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Are Nigerian Women In High Flying Jobs An Endangered Species?

by on July 18, 2020
 

By Olatorera Dickson-amusa

Like a comet; blazing across the evening skies– gone too soon”–

Michael Jackson

This week started on a tragic note for lovers of progress in Nigeria. It was two tragedies wrapped in one; first, the loss of a young, vibrant 23 year old. Second, Nigeria lost her first female combat helicopter pilot.

That 23 year old and the high-flying pilot are one and the same person; Tolulope Arotile, who allegedly died in ‘accidental circumstances’ that are still vague to a lot of deep thinking citizens.

The question we must ask today, is this: why did Tolulope’s death come in such an ignominious fashion? Before we concerned Nigerians are accused of being excessively emotional, let me quickly say that ‘Yes’, people die everyday. Yes, accidents are a dime a dozen and are so rampant that we might barely blink an eyelash when they occur.

However, it shouldn’t have been Tolulope. What is the Nigerian Airforce not telling us? Or rather, what subtle message is the Nigerian Airforce trying to pass to us, and to women who dare be more?

We recall the tragic story of Hadiza Oboh,1st female pilot of Nigeria Airways. Murdered at 39 by her domestic staff on 8 Feb 1998. The killers were arrested, bailed out,escaped police custody, and are yet to be found, even to this day.

Rewind and read that brief analogy again. Bailed out? Escaped Police custody? How? Why? These questions are on the lips of Nigerians everywhere, as the fresh wound of Tolulope Arotile’s death has unearthed the deep scar from Hadizah Oboh’s gruesome murder.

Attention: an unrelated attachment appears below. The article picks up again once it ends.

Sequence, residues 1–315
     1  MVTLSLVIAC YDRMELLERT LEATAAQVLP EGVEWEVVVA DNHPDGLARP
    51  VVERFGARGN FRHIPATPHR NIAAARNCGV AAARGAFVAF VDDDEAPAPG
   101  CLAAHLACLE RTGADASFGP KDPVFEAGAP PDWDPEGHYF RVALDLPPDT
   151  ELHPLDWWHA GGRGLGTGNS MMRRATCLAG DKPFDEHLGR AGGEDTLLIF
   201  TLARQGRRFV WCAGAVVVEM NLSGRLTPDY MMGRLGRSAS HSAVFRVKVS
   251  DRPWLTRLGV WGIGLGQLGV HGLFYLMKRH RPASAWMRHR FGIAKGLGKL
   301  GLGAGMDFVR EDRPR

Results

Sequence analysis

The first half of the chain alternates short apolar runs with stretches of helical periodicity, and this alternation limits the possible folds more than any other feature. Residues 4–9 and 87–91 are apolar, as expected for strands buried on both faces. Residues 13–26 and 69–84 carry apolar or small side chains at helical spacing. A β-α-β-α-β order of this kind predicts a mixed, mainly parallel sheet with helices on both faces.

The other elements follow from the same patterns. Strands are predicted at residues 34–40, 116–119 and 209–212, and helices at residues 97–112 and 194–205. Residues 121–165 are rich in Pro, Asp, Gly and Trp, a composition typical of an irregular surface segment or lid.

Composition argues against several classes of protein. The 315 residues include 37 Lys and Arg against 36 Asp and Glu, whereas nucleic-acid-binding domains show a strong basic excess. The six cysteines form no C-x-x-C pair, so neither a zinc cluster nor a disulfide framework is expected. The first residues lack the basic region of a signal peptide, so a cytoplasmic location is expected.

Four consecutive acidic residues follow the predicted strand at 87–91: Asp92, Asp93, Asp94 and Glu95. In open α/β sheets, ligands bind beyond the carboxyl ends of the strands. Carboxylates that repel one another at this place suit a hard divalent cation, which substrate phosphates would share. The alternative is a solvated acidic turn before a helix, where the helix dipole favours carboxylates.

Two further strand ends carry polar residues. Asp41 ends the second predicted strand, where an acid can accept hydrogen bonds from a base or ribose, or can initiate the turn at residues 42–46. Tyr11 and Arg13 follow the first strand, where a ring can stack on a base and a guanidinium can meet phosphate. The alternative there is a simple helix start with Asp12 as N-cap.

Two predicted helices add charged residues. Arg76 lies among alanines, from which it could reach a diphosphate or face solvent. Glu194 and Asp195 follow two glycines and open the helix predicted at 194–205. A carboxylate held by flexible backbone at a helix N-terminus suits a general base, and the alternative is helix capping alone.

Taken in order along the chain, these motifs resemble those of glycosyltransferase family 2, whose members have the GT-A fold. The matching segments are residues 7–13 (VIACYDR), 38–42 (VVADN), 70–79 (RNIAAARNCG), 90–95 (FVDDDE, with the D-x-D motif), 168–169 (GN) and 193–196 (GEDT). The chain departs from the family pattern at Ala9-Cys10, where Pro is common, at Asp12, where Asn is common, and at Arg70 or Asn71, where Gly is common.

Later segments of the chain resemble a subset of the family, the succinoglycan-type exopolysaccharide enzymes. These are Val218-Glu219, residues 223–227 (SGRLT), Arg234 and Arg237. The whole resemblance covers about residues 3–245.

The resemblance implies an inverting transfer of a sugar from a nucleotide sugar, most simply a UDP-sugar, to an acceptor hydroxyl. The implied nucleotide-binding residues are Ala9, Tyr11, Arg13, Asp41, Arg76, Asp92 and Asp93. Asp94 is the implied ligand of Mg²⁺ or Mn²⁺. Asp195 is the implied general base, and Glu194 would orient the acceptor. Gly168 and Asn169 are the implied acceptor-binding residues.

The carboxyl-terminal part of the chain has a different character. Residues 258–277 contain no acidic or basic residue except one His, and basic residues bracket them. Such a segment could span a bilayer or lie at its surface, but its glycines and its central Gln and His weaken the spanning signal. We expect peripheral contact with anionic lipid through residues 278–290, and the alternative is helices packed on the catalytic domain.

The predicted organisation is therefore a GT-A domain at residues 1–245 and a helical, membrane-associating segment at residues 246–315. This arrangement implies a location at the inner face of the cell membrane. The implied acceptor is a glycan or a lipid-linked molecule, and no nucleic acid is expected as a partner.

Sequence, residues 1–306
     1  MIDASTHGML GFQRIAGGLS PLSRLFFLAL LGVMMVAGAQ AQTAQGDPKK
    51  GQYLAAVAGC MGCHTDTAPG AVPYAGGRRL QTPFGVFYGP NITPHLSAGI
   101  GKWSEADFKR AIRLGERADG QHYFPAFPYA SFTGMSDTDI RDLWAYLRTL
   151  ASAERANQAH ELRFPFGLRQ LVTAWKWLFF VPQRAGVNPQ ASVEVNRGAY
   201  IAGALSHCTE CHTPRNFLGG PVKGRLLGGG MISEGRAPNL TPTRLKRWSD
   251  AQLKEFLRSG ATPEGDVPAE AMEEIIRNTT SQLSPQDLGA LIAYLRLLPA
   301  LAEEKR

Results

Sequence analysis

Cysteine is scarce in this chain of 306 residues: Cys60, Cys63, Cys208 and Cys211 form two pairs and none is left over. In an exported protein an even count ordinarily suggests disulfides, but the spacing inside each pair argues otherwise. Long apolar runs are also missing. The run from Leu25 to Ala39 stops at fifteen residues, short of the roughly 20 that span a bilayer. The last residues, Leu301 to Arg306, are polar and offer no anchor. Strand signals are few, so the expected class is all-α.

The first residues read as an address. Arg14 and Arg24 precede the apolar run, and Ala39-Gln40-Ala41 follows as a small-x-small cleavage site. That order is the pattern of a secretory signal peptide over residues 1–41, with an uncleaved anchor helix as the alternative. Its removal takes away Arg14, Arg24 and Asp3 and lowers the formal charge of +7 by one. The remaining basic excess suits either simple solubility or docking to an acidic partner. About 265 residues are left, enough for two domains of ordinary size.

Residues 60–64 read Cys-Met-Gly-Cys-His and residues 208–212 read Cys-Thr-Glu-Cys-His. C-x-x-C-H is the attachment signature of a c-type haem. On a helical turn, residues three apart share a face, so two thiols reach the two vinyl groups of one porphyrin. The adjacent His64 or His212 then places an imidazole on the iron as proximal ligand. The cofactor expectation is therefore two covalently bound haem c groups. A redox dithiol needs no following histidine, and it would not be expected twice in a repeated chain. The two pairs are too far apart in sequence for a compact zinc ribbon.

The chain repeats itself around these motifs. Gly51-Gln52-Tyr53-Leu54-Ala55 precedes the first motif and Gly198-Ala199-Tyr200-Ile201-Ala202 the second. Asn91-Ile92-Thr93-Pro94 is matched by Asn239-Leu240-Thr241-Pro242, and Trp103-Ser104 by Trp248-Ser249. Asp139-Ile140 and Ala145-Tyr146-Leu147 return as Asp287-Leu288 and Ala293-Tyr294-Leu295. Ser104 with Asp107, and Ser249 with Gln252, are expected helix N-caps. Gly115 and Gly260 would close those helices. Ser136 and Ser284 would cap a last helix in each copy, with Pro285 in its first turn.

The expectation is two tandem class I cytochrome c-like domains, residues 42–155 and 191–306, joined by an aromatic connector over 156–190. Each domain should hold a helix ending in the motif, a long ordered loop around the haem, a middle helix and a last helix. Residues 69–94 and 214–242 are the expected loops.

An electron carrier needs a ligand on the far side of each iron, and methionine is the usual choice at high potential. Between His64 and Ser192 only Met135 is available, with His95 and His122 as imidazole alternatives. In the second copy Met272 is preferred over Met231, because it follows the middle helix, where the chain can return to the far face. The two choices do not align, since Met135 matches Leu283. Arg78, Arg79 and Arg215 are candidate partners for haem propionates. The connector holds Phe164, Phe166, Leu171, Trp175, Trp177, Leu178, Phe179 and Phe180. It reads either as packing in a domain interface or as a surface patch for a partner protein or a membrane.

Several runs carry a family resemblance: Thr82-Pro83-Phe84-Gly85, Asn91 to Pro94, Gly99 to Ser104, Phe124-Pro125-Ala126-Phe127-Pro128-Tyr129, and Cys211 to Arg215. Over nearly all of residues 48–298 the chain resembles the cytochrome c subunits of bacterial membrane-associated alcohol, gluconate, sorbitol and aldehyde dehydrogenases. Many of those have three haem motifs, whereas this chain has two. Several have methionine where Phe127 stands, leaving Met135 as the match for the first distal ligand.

The Circumstances:

Tolulope Arotile:

Spokesman to the Nigeria Air Force (NAF), Ibikunle Daramola in a statement late on Tuesday, announced the death of Officer Tolulope Arotile, Nigeria’s first ever female combat helicopter pilot.

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Daramola disclosed that Arotile died as a result of head injuries sustained from a road traffic accident at NAF Base in Kaduna State, northern Nigeria.

Arotile, who hails from Iffe in Ijumu Local Government Area of Kogi State, died barely a year after she was winged as a combat helicopter pilot in the Air Force following the completion of her course in South Africa.

Arotile’s career was described as one of “impactful service” who contributed “significantly to the efforts to rid the North Central States of armed bandits and other criminal elements by flying several combat missions under Operation GAMA AIKI in Minna, Niger State.

She was commissioned into the NAF in September 2017 as a member of Nigerian Defence Academy Regular Course 64 and later rose to achieve the distinction of being Nigeria’s first ever female combat helicopter pilot in the service in Nigeria.‬

Did Arotile have to die?


The immediate elder Sister to the deceased first female helicopter Combat Pilot in the Country, Damilola Adegboye recently called for the Military to conduct a thorough investigation into the death of her Sister; saying that the Family, like most concerned Nigerians, remain skeptical over her death.

Adegboye said that the investigation earlier conducted by the Nigerian Air force (NAF), into the nature of her death is not convincing, adding that the family are yet to agree on events that led to her untimely demise.